(7 Jun 2019) LEADIN
Artificial Intelligence, or AI as it is often called, is a major technology trend, but at what cost ?
Chess master Gary Kasparov, who famously lost a chess match to a supercomputer in 1997, says we needn’t fear ‘intelligent’ machines.
The robots are coming.
These little cute robots, made by French company Softbank, can be used for a lot of things. They could give information at airports, check you into a hospital or do a little dance for your amusement.
The key to them is that they have artificial intelligence that lets them solve problems, a bit like a human.
Artificial intelligence, or AI as it is most often called, is the big buzzword in the technology community.
The robots are a visual example of AI in action, but most AI will be invisible to humans.
It could be machines that learn the patterns of the traffic flow in a city and adjusts the traffic light patterns to prevent congestion.
Or it could be chat robots online that answer your questions, very much like a human would.
Or even more mundane, a virtual machine that does your taxes.
Scary? Some people think so. Tesla founder and tech celebrity Elon Musk has said that he is afraid of AI.
One person that has some experience with intelligent machines is Garry Kasparov.
The former Chess world Champion lost a game of chess to a supercomputer called Deep Blue in 1997.
“Machines are getting faster and you would call it smarter,” he says.
“….today I remind people that a free chess app on their mobile device is stronger than Deep Blue. But its not just about machines getting faster or stronger. It is about us actually inventing new interfaces.
Because at the end of the day, the machines still have their limitations. And the art of the future development is how to give an opportunity for humans to inject and invest our unique human qualities to compensate for machines deficiencies.”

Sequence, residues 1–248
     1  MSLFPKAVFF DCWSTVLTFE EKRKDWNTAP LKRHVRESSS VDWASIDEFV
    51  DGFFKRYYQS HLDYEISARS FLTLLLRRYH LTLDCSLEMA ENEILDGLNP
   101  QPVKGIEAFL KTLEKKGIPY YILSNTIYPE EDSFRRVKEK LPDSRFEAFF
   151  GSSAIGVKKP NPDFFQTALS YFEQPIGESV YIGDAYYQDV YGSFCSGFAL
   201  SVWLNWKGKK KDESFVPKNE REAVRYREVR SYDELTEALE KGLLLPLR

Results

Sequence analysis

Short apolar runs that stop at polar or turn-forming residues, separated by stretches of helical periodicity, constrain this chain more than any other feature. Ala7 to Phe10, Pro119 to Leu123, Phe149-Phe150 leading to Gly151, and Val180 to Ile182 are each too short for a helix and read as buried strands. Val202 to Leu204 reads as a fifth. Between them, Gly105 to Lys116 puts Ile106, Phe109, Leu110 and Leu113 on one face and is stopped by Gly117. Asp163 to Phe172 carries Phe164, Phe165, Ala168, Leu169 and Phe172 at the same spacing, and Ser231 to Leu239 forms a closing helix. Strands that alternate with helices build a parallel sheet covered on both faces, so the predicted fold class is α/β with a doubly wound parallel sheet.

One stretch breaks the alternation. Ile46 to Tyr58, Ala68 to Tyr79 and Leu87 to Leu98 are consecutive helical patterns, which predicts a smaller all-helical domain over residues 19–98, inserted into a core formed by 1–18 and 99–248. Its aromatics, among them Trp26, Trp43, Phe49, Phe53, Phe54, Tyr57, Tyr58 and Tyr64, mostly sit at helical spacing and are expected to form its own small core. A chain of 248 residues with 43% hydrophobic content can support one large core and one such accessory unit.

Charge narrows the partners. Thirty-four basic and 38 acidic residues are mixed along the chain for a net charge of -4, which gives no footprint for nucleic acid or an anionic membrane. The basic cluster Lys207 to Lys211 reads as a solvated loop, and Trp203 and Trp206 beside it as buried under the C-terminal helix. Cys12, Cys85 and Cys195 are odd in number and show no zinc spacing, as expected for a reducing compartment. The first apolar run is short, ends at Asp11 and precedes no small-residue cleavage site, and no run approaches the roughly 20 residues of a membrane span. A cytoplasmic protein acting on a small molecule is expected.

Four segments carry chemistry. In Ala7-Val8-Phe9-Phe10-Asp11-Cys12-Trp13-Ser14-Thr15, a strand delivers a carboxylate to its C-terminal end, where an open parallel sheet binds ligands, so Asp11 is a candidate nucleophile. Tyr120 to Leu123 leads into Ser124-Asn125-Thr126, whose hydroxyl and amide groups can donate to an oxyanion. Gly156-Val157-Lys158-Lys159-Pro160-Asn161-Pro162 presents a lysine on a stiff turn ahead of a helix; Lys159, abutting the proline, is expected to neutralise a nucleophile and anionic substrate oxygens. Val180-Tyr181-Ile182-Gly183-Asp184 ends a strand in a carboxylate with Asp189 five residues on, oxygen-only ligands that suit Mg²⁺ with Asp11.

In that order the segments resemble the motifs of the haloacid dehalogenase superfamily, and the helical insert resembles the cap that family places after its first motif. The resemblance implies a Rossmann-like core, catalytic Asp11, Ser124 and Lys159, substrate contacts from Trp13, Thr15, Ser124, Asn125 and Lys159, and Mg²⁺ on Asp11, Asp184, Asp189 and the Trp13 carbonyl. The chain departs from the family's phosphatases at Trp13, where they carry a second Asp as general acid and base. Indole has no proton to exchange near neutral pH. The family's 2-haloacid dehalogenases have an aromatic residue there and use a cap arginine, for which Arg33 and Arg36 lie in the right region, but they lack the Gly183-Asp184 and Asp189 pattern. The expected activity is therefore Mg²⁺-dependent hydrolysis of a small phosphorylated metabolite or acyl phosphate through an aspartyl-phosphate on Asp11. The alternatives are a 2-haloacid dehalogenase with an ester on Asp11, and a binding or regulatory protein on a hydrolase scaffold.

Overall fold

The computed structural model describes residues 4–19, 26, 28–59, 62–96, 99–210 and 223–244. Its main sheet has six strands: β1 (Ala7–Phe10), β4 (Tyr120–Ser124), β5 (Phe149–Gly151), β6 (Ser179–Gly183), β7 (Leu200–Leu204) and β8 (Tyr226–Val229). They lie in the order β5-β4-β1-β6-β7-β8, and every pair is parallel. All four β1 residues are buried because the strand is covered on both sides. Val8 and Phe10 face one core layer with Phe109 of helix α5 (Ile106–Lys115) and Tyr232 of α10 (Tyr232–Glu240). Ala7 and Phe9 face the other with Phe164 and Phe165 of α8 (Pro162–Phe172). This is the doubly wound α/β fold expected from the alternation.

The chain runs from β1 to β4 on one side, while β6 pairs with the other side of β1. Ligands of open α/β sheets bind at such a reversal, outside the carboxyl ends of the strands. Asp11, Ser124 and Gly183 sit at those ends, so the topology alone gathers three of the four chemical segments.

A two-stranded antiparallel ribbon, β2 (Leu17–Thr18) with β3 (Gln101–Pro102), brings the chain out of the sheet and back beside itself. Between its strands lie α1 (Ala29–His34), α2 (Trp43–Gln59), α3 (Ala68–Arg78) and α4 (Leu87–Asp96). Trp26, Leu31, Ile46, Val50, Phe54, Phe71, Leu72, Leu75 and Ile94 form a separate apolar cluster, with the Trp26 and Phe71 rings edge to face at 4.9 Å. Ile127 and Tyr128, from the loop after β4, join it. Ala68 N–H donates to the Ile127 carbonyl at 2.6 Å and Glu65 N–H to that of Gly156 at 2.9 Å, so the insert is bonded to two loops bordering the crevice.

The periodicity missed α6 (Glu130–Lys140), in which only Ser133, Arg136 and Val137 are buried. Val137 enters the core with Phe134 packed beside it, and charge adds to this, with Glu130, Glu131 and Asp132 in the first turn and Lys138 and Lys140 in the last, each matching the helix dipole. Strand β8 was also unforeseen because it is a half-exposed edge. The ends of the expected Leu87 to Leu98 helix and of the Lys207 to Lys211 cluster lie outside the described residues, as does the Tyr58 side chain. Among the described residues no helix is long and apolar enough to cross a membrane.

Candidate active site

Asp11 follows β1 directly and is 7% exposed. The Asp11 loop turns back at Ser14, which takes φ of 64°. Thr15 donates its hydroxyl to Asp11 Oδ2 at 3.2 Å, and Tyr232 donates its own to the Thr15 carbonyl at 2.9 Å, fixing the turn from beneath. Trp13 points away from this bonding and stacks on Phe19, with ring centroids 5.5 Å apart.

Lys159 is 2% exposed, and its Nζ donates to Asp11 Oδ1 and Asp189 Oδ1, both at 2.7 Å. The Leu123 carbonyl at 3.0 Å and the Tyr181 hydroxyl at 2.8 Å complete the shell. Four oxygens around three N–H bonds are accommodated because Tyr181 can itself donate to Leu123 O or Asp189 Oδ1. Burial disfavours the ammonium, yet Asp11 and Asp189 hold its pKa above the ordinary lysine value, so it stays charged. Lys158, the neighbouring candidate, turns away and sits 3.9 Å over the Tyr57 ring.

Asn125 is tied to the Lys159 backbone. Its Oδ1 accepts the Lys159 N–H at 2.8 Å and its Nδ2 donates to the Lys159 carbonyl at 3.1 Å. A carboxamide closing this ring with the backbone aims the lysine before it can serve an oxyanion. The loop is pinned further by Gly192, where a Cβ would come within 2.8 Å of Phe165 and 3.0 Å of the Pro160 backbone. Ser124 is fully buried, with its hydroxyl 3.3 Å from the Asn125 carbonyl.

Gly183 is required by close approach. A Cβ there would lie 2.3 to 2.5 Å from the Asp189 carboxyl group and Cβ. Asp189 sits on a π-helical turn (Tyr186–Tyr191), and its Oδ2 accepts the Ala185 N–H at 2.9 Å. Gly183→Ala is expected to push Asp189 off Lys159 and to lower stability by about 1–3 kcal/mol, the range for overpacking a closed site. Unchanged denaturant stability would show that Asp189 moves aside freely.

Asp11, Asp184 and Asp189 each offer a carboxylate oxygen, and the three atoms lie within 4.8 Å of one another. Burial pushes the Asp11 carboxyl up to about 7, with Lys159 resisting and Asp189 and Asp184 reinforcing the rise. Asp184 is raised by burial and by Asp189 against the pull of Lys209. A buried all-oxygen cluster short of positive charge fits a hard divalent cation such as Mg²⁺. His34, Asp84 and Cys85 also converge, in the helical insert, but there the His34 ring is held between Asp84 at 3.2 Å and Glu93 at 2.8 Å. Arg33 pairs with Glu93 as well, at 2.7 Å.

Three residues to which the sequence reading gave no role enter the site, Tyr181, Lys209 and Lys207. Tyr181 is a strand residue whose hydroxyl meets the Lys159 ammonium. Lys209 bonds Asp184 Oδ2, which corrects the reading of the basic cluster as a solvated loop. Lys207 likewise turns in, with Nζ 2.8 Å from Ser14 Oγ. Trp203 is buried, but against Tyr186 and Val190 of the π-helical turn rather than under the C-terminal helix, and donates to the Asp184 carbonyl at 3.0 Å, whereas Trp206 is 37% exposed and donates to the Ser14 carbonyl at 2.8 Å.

“Because no machine will ever be 100 percent performance, it doesn’t exist in universe.”
Kasparov doesn’t fear a rampant AI in the future.
He says that smarter and more powerful machines have even helped the game of chess, bringing it to the masses in a way that wasn’t possible before.
“Actually, today there is even more excitement for the general public to watch. Because when I played Anatoly Karpov, 30 years ago, the public didn’t understand what we were doing. Because they looked at the board and it was like two saints playing at a chess board and even grandmasters were afraid to criticise us,” he says.
“Today every amateur could just look at a computer screen and say ‘ahh – Magnus Carlsen, world champion, made a big mistake because the machine tells you.”
“So, it’s annoying for me as a former world champion that some total amateurs can criticise the big players but at the same time it enables millions of people to follow the game.”
The “We are developers” conference is the “World’s largest developers conference” according to the organisers.
Around 10 000 software developers attend, and take part in over 250 workshops.
One legendary software developer at the conference is Joel Spolsky.
He developed the Trello management software and was a program manager at Microsoft. He now runs a software support platform called “Stack Overflow”
He turns somewhat ironic when speaking about AI
“I personally welcome our new AI overlords. I think that they will do a great job. And I support them in their mission,” he says with a smile.
Another legendary developer at the show is John Romero.
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